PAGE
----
Share Email Print

Proceedings Paper

Pier vibration isolation for lightweight interferometry telescopes
Format Member Price Non-Member Price
PDF $14.40 $18.00
cover GOOD NEWS! Your organization subscribes to the SPIE Digital Library. You may be able to download this paper for free. Check Access

Paper Abstract

The Navy Prototype Optical Interferometer (NPOI) in Flagstaff, Arizona, makes use of separate smaller telescopes spaced along a Y-array and used simultaneously to simulate an equivalent single large telescope. Each telescope is mounted on a massive reinforced concrete pier tied to bedrock. The mass of the pier dampens most, but not all, of the unwanted vibration in the required spectrum. The quality and resolution of a stellar image depends on minimizing movement of the mirrors due to vibration. The main source of pier vibration is due to the soil-pier interaction. Surrounding environmental and man-made vibration propagates through the soil as body and surface waves, and forces the pier to move. In this paper, a novel concept based on a sleeve/air gap system to isolate the soil from the pier is used to minimize the vibration input to the telescope. An example of the concept is presented with respect to the future implementation of a 1.4-m diameter composite telescope at the Navy Prototype Optical Interferometer.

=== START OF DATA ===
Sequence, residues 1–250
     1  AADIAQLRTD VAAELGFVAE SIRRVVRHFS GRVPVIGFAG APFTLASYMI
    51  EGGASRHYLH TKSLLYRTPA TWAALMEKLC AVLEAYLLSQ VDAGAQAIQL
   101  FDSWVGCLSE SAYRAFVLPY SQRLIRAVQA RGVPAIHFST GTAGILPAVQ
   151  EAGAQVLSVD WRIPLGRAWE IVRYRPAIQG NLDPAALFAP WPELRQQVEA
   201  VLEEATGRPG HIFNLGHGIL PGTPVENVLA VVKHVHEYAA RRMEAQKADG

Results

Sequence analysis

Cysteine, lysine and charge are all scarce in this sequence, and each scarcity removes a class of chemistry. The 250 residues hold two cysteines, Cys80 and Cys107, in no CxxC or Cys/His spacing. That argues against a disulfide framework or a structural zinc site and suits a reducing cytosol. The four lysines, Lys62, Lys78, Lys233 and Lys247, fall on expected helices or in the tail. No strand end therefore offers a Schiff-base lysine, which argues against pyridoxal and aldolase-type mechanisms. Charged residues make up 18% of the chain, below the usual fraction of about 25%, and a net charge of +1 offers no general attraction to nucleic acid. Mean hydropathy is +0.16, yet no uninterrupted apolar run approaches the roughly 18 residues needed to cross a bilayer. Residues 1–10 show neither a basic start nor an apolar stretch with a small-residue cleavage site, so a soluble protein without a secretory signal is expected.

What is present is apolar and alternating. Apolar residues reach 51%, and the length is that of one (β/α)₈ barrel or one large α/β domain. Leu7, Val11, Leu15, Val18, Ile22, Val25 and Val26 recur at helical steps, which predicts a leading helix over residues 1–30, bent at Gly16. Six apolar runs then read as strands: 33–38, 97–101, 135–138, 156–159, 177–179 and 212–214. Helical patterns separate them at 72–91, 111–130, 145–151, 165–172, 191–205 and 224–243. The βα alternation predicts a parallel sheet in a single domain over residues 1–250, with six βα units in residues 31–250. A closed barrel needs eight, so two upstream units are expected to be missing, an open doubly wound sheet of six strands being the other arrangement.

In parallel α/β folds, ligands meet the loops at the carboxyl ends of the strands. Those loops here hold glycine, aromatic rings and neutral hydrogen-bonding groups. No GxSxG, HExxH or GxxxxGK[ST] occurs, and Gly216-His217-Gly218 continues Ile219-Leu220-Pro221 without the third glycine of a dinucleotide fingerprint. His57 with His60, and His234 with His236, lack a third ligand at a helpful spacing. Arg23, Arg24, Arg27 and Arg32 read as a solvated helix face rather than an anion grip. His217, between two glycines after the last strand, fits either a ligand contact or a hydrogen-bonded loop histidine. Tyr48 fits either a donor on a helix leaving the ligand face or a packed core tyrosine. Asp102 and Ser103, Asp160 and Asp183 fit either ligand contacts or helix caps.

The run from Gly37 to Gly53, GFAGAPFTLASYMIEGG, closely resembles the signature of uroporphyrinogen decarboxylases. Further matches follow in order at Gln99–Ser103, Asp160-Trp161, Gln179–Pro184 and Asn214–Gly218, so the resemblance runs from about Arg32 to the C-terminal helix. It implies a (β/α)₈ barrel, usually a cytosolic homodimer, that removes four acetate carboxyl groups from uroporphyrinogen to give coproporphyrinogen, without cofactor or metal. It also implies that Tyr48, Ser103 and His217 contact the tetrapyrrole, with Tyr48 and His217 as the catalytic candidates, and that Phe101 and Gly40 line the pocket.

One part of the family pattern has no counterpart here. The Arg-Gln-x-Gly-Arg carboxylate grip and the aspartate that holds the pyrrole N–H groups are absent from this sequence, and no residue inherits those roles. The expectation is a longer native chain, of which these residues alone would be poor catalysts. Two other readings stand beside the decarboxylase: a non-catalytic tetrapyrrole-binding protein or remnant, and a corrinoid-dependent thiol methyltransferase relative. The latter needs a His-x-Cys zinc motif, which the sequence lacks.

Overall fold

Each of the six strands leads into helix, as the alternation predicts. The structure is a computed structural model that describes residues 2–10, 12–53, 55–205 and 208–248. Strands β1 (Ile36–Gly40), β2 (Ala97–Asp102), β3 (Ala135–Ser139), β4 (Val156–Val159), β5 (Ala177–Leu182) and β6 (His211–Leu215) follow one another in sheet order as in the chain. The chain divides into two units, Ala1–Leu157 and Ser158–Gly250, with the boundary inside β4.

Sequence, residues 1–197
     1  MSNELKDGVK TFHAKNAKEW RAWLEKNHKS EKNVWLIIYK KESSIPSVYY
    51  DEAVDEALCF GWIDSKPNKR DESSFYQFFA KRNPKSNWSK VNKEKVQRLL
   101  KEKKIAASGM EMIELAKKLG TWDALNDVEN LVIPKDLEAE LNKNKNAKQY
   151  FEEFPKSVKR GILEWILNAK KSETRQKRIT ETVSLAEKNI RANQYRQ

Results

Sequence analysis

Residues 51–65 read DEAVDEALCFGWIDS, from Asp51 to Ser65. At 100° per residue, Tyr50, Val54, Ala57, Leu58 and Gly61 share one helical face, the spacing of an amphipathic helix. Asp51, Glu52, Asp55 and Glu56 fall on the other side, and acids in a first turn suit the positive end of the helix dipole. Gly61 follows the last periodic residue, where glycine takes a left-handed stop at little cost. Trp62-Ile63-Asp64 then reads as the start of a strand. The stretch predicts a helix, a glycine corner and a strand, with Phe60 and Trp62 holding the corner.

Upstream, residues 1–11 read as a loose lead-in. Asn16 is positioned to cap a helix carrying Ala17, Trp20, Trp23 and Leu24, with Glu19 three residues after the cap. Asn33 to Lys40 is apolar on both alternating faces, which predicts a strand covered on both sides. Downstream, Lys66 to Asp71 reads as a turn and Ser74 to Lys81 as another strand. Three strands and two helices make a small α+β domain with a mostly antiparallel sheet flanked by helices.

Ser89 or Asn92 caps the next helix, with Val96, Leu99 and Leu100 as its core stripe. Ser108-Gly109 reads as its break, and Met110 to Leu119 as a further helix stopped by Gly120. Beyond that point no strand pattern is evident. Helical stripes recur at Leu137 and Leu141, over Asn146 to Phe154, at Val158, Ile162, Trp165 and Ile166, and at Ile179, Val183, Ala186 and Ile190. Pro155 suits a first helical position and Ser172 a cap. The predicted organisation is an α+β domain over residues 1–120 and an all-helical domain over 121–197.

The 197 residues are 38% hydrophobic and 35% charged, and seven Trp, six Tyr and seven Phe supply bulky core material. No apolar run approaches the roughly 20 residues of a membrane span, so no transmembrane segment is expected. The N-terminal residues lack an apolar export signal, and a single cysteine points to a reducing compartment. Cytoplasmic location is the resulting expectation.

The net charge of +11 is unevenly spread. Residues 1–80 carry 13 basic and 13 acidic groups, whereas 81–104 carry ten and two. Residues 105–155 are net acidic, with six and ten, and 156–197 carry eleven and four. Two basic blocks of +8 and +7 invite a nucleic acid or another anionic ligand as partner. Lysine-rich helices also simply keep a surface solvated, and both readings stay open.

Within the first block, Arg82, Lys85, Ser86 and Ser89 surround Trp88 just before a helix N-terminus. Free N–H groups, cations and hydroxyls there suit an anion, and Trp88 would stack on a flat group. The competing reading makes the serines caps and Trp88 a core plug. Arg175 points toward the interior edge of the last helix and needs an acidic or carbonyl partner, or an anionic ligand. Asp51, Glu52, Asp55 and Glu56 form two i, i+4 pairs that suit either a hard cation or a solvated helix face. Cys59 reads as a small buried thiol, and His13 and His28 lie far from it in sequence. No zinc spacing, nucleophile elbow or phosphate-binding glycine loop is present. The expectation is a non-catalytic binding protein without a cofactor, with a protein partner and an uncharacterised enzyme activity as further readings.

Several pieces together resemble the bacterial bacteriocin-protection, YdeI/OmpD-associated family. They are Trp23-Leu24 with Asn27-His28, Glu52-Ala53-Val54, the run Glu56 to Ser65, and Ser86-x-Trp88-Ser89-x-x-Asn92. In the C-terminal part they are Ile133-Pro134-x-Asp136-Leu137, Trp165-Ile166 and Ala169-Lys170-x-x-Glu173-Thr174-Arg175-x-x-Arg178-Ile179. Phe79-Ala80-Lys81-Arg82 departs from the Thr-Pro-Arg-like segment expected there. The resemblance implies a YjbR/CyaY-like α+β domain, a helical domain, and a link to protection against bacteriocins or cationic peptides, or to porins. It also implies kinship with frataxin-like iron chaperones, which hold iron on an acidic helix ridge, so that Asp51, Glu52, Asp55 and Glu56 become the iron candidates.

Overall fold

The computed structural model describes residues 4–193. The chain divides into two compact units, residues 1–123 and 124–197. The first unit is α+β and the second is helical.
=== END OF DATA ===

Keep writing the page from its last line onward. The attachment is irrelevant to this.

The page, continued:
Paper Details

Date Published: 17 September 2007
PDF: 6 pages
Proc. SPIE 6665, New Developments in Optomechanics, 66650L (17 September 2007); doi: 10.1117/12.732730
Show Author Affiliations
Perry G. Wood, Northern Arizona Univ. (United States)
F. Ernesto Penado, Northern Arizona Univ. (United States)
James H. Clark III, Naval Research Lab. (United States)
Joshua P. Walton, Interferometrics Inc. (United States)

Published in SPIE Proceedings Vol. 6665:
New Developments in Optomechanics
Alson E. Hatheway, Editor(s)

© SPIE. Terms of Use
Back to Top